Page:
This is a pretty general and long-winded question: Having grown up around music training, I realize that many very good musicians can't tell you much about the history of temperament or recent developments in Neo-Riemannian analysis, nor does a sharpshooter necessarily know how to perform ballistic calculus. Some do, some don't. Musicians probably have a better feel than most for what makes up a good progression, though, and can see its intricacies. What's bad, though, is that all musicians seem to think that they know the theory, because it's only slight exaggeration to say that standing in front of every deeper explanation is a simple but not very revealing answer. (For instance, 'stacked thirds' is an explanation for harmonics 1,2,3,4,5,6,7,8; and one even sees such things in the work of otherwise accomplished composers, such as problematic transformations between pitch and rhythm, or crude-but-useful geometric representations of harmony.)
I have only been on this SE for a couple of days, but I seem to see the same divide happen here, and I'm afraid that the democratic approach seems to fail too often. Take here where I clearly cite a description of the progression mentioned as typical. There is no comment explaining what is wrong with this answer, and it falls to the bottom, below a reply that calls the progression a 'fantasia', and an upvoted comment 'Everything can't be explained by theory, since most music isn't written with an explicit reference to theory'. (Sincerely no offense is meant here, and I am not claiming my answer is necessarily correct; I am just taking these examples as a sort of microcosm.) How is a chord progression with G#, D#m, F and G possible?
I don't think this happens so often on other SE sites, that answers are given that just say theory is not applicable and upvotes ensue. I realize something similar happened in the study of language grammar after the dethroning of Latin-based analysis. Still, though, I don't think you'll find many serious practitioners of logic or language who would say there are no good explanations. Instead, the field has been enriched with higher-level concepts, deeper analyses, corrections, etc., to account for as much as possible. Understanding what is understandable takes nothing away from real poetics. Similar improvements have taken place in music theory. In another parallel to grammar splitting between the philosophical, the computer-based, the speech-act, etc., musical analysis has divided into many different sorts. The serialists have their atonal number sets. The popular harmonic analysis is intended for performers. (They need to be able to read on-the-fly, and so I feel it is not best-suited to a forum like SE. Still, it is the most popular, and I don't intend to change that.)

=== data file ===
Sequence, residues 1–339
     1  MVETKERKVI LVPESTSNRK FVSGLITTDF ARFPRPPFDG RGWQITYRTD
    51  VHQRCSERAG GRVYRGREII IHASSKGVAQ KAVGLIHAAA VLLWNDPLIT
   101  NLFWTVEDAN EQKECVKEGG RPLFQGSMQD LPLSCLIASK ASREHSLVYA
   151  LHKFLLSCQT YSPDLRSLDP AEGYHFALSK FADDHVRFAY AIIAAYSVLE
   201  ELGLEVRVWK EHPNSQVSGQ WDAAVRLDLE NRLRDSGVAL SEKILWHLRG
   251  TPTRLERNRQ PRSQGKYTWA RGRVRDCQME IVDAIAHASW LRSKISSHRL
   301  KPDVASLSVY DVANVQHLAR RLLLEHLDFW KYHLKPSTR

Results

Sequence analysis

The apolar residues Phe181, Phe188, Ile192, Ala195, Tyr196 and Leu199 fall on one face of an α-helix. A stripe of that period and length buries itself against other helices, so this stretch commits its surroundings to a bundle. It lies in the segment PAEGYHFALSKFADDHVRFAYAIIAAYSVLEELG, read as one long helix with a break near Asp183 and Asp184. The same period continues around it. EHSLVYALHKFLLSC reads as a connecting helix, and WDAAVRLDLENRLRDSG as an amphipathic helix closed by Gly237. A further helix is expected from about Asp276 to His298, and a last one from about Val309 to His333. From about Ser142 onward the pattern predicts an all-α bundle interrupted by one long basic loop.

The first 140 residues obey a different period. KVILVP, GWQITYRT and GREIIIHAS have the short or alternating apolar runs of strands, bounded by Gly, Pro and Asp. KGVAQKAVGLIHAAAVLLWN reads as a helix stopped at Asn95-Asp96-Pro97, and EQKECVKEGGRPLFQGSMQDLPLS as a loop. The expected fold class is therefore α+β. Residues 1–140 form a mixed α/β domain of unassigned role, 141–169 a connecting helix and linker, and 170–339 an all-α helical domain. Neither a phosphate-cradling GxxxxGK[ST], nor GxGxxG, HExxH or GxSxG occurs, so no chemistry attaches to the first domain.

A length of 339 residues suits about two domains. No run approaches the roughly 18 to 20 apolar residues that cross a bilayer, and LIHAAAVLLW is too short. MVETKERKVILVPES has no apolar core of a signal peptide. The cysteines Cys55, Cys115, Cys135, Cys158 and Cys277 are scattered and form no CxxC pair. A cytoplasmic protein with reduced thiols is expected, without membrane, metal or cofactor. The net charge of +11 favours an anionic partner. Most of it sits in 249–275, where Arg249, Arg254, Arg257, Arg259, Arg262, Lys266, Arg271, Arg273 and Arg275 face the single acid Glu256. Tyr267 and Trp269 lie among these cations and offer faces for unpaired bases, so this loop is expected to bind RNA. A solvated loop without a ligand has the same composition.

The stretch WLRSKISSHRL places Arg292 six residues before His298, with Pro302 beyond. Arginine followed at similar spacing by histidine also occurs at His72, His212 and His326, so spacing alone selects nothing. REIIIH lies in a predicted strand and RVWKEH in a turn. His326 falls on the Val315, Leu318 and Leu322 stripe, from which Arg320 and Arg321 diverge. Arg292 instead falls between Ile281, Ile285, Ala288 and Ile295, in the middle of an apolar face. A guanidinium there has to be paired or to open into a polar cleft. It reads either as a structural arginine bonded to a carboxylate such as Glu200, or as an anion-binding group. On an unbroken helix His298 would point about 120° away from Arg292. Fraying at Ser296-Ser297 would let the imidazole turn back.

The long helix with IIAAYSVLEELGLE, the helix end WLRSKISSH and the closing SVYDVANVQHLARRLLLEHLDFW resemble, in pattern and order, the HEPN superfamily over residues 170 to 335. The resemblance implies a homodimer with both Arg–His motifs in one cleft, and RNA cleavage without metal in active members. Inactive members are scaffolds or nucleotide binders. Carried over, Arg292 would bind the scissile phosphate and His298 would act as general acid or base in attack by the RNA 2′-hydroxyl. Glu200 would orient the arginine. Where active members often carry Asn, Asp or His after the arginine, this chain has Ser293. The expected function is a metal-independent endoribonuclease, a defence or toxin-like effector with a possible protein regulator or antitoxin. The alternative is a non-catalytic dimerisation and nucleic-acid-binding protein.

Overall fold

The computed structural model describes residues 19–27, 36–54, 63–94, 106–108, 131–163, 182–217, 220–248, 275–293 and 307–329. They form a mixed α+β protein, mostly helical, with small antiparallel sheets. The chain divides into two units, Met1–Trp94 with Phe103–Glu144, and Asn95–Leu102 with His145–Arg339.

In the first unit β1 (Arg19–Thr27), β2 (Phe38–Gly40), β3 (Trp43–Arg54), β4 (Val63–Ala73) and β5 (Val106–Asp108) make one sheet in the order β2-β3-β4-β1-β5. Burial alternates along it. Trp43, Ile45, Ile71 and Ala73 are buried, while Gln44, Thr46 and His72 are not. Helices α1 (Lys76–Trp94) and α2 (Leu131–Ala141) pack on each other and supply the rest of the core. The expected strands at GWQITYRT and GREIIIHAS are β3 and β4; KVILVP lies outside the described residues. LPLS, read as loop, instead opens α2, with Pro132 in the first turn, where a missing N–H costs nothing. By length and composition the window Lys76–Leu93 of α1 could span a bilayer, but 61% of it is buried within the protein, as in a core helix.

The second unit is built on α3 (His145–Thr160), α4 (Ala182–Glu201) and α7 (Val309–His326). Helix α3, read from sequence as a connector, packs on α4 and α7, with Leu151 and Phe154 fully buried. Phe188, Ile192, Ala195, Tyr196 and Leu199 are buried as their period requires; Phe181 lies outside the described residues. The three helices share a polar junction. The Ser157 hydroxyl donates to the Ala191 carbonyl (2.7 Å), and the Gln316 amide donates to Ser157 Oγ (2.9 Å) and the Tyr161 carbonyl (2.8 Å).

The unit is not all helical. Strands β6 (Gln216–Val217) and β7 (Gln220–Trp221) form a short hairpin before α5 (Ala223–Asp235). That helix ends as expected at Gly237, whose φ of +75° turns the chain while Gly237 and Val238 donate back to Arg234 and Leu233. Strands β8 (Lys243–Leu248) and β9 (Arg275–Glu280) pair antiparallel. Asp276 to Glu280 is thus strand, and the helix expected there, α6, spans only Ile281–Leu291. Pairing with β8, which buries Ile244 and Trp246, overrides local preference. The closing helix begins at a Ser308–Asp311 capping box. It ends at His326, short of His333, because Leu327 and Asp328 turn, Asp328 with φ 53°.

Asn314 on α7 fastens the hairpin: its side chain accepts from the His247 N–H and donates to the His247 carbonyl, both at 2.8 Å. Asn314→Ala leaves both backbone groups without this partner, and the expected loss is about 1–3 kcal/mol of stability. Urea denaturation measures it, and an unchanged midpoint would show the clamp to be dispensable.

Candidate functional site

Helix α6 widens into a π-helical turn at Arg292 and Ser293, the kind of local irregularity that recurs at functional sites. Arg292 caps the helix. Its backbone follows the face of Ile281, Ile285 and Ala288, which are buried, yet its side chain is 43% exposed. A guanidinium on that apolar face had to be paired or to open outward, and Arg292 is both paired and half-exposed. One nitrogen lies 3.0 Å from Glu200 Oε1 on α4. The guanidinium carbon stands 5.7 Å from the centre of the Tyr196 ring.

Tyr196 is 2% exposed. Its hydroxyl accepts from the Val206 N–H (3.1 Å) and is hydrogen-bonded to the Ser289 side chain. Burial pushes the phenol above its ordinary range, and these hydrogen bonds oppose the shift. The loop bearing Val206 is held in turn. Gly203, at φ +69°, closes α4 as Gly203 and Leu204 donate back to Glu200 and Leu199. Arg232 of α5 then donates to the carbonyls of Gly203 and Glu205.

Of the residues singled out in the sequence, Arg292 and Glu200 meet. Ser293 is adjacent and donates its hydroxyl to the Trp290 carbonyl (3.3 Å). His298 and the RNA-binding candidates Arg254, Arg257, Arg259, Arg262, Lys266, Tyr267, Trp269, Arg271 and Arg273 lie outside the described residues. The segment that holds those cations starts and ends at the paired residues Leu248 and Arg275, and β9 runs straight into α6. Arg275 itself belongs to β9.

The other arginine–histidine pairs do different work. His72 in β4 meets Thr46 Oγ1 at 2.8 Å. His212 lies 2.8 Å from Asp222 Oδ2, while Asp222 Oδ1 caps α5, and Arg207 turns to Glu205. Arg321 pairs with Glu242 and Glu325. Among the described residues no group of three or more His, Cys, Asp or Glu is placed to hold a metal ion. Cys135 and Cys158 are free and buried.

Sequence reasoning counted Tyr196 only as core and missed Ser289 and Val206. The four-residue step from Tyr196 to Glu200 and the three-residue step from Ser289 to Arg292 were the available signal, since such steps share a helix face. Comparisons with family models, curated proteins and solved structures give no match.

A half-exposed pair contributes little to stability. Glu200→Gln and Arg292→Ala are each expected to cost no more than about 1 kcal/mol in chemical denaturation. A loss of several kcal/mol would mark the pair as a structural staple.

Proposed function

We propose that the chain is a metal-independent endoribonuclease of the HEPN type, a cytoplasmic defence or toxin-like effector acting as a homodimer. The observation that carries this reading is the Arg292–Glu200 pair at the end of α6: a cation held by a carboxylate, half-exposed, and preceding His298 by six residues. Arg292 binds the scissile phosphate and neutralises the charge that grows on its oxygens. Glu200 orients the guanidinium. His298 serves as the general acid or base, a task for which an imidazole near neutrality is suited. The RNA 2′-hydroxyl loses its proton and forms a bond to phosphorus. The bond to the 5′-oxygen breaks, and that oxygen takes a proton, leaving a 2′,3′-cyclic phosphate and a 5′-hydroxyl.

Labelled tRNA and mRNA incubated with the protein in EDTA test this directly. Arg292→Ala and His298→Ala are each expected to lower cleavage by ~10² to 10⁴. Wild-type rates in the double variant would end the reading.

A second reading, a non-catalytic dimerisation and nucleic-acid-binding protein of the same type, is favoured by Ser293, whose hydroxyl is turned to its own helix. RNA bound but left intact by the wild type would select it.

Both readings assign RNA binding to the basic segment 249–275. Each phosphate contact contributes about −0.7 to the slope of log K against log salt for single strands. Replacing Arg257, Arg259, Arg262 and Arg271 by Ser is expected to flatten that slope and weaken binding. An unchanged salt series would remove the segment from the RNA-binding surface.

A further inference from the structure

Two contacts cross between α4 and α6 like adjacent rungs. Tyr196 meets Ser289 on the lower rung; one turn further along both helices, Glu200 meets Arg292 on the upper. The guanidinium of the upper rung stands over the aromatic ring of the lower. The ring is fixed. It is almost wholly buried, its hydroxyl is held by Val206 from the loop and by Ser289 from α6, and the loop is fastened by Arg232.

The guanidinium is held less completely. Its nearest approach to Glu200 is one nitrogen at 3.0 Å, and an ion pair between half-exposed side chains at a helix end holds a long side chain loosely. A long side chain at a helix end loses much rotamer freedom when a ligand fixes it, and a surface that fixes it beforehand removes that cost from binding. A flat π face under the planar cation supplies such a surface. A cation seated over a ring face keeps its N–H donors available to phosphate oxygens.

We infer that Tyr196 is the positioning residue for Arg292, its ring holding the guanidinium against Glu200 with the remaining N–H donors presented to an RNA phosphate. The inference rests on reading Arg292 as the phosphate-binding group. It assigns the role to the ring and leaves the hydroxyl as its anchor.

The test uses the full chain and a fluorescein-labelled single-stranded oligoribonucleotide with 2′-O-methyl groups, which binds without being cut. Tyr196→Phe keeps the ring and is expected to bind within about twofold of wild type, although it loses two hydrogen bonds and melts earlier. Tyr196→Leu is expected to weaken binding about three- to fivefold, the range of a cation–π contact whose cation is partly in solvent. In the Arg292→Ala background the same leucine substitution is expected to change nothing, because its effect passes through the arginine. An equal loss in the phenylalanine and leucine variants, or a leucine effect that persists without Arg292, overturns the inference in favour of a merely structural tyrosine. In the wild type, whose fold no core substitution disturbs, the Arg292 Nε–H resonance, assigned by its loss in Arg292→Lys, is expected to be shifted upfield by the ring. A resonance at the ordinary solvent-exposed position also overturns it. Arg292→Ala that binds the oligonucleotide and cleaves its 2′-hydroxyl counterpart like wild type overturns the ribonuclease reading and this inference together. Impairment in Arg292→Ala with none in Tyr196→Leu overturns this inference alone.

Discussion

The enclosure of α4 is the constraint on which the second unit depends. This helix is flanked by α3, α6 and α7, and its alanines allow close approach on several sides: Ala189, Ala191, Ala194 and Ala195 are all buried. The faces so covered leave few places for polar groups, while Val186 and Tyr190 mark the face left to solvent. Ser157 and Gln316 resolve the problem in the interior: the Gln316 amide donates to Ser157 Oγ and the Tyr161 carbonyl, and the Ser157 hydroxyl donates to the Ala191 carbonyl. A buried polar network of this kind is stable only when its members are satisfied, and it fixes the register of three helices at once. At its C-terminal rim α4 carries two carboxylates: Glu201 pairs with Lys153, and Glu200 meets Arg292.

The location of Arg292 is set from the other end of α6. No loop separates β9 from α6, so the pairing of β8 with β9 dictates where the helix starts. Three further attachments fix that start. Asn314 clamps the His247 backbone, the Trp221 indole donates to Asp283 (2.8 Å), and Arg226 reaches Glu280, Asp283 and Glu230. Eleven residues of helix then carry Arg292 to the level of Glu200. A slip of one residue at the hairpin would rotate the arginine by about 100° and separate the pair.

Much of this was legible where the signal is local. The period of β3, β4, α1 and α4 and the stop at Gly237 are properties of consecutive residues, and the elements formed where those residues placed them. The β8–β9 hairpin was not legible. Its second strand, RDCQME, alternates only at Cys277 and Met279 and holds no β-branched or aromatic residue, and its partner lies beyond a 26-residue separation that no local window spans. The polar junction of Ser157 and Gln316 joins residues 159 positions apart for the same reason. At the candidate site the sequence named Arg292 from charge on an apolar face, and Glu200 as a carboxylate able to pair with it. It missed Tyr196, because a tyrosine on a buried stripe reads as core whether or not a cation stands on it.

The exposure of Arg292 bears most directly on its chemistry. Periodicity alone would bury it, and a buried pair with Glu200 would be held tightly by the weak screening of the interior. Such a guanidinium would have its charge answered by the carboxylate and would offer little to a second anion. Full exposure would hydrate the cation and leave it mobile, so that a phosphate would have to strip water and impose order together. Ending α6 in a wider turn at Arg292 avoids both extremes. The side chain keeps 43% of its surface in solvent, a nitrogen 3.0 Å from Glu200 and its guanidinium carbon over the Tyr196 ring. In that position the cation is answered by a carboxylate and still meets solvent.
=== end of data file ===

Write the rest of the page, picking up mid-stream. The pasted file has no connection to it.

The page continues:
I know that many of the top-rated contributors on this site understand musical theory and the history of theory well, as I have seen. Therefore, are there general guidelines you could give a newcomer with a somewhat-rigorous, somewhat-half-baked understanding of music, who wants to fit in here, and wants to give and get the best response?
[ADDITION BASED ON COMMENTS AND FURTHER THOUGHTS]
Ignoring voting, I think the realizations that I'm groping for are these:
(1) Prematurely answering that theory does not help to provide an explanation is likely to keep an explanation from being found or provided, at least in the timely manner required by SE. Theories and practices have been developed over thousands of years all over the world. Evidencing how the disconnect seems to occur with common theories and practices may help lead to a better explanation, however, and is to be encouraged; it may save someone effort or confusion, and also may be falsified.
(2) I suppose it is the burden of the answerer to support in detail why their explanation is to be considered 'better' than the possible alternatives, in the order that the answers are provided.